Obama Administration Steps in to Support Tribal Bingo in Alabama

The great Alabama bingo feud continues byt attorney general and professional killjoy Luther Strange’s efforts to shutter the tribal casinos in the state has run into a very serious roadblock; the Obama administration and the National Indian Gaming Commission. After closing all gaming establishments in Alabama Strange turned his attention to the casinos owned and operated by the Poarch Band of Creek Indians. In a self serving statement Strange said “Are we going to be able to make them, or is it going to be some bureaucrat in Washington? It’s a national issue. It raises questions of state authority. It’s right in the wheelhouse of conservative attorneys general around the country.”

Since taking office President Obama has courted Native Americans and his administration has relaxed or reversed restrictions imposed by the Bush administration that made it difficult for tribes to expand reservations and build new casinos. The Obama administration hopes to lower the current 12.3% unemployment rate among Native Ameruicans and help tribes to boost their economies to provide jobs, schools and health care facilities. In his third adress to Native American leaders on December 2nd 2011 Obama said “One day, we’re going to be able to look back on these years and say that this was a turning point. This was the moment when we began to build a strong middle class in Indian country, the moment when businesses large and small began opening up in reservations, the moment when we stopped repeating the mistakes of the past and began building a better future together.”

The tribe, supported by the current administration, says that the state of Alabama has no jurisdiction over the Native American facility. They also say that the electronic bingo machines at their casinos are not slots even though they may closely resemble them. Federal regulations define bingo as a game played against other players. When pulling a lever or pushing a button the player is playing against the machine according to the tribes. The great bingo battle began in 2009 when then governor Riley decided that the electronic bingo machines were in reality illegal slots. Over the objections of his own Attorney General Troy King, a fellow Republican,  Riley sent his nminions to close all non tribal gaming in Alabama.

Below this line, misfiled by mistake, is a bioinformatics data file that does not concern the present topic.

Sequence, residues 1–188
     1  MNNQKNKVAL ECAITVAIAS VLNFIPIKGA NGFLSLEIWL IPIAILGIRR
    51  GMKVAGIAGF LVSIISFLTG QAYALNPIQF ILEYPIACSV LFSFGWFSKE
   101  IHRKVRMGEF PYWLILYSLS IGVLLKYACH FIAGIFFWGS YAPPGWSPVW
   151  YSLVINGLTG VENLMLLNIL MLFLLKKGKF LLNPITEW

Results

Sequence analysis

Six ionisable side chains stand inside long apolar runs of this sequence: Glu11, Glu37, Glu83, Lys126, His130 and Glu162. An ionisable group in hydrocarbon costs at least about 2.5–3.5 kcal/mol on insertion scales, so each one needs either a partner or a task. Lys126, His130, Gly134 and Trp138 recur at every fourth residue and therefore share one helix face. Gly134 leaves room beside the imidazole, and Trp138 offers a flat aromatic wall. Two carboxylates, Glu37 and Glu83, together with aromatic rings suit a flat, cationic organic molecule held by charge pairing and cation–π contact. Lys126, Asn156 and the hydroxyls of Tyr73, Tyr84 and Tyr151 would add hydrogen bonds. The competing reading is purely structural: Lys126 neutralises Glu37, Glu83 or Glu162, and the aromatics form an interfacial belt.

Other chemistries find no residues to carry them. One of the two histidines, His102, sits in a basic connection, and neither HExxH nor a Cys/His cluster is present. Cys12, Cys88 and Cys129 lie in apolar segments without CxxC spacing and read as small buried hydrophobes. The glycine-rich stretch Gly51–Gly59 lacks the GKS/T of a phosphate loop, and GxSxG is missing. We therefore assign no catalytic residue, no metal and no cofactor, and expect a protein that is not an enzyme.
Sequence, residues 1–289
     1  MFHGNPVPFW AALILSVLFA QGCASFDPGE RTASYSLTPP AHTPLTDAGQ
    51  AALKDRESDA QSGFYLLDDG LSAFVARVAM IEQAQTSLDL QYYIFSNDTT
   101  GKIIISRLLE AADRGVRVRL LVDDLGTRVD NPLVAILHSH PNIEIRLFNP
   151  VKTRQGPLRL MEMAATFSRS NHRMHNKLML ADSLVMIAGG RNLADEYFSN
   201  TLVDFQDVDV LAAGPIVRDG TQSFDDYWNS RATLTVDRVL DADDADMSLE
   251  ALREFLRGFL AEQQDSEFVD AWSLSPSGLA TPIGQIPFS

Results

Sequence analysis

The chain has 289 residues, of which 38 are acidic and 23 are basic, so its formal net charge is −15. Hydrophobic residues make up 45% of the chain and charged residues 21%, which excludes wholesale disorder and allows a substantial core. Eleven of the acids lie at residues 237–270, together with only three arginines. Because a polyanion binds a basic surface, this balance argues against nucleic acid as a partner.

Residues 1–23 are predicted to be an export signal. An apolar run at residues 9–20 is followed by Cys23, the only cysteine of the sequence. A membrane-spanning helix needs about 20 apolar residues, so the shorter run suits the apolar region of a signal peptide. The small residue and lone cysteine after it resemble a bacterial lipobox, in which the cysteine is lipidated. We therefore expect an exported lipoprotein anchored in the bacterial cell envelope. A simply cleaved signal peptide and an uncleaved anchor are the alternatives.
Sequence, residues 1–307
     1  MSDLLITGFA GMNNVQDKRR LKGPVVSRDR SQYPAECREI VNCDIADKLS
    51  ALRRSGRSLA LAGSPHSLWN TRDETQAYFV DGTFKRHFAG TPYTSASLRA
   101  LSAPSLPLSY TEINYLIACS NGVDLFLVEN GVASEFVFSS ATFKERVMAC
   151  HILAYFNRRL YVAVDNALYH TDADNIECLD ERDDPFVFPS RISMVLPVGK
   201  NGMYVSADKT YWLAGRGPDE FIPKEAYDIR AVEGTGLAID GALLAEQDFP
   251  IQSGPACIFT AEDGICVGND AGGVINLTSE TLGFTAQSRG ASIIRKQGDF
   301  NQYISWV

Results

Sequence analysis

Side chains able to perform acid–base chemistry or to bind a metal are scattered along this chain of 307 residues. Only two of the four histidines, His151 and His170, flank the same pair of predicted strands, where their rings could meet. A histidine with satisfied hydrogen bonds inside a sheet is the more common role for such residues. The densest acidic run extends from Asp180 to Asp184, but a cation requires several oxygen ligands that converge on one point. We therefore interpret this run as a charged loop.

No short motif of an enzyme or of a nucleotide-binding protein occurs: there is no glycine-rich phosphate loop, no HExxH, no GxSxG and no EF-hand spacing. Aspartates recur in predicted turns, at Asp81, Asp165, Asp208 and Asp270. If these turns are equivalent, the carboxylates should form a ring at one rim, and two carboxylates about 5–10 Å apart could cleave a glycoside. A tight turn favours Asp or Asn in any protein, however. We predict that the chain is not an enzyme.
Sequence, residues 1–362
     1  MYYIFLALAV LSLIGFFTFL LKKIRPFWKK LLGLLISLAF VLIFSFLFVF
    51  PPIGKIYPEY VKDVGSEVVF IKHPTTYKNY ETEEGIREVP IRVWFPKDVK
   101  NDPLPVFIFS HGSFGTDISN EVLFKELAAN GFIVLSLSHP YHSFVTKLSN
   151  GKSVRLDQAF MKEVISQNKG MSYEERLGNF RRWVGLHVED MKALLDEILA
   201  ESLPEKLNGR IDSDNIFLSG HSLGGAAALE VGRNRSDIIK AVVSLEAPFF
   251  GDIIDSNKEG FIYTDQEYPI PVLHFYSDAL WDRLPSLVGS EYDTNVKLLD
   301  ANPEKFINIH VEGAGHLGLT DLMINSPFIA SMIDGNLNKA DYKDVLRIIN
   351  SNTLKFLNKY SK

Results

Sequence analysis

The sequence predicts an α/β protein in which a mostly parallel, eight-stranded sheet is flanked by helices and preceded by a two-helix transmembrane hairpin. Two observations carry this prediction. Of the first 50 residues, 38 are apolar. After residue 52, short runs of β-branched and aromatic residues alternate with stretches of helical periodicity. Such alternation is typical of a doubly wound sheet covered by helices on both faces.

Riley got even with King by throwing his support behind current attorney general Strange. As it turned out the Alabama GOP took $500,000 in campaign contributions from the Poarch Creeks. The money was funneled through a third group to hide its origins. Bingo is a popular game in Alabama. The land based version and electronic bingo are played by thousands in the state. If Strange’s shenanigans continue players may have to switch to electronic bingo to enjoy their favorite game.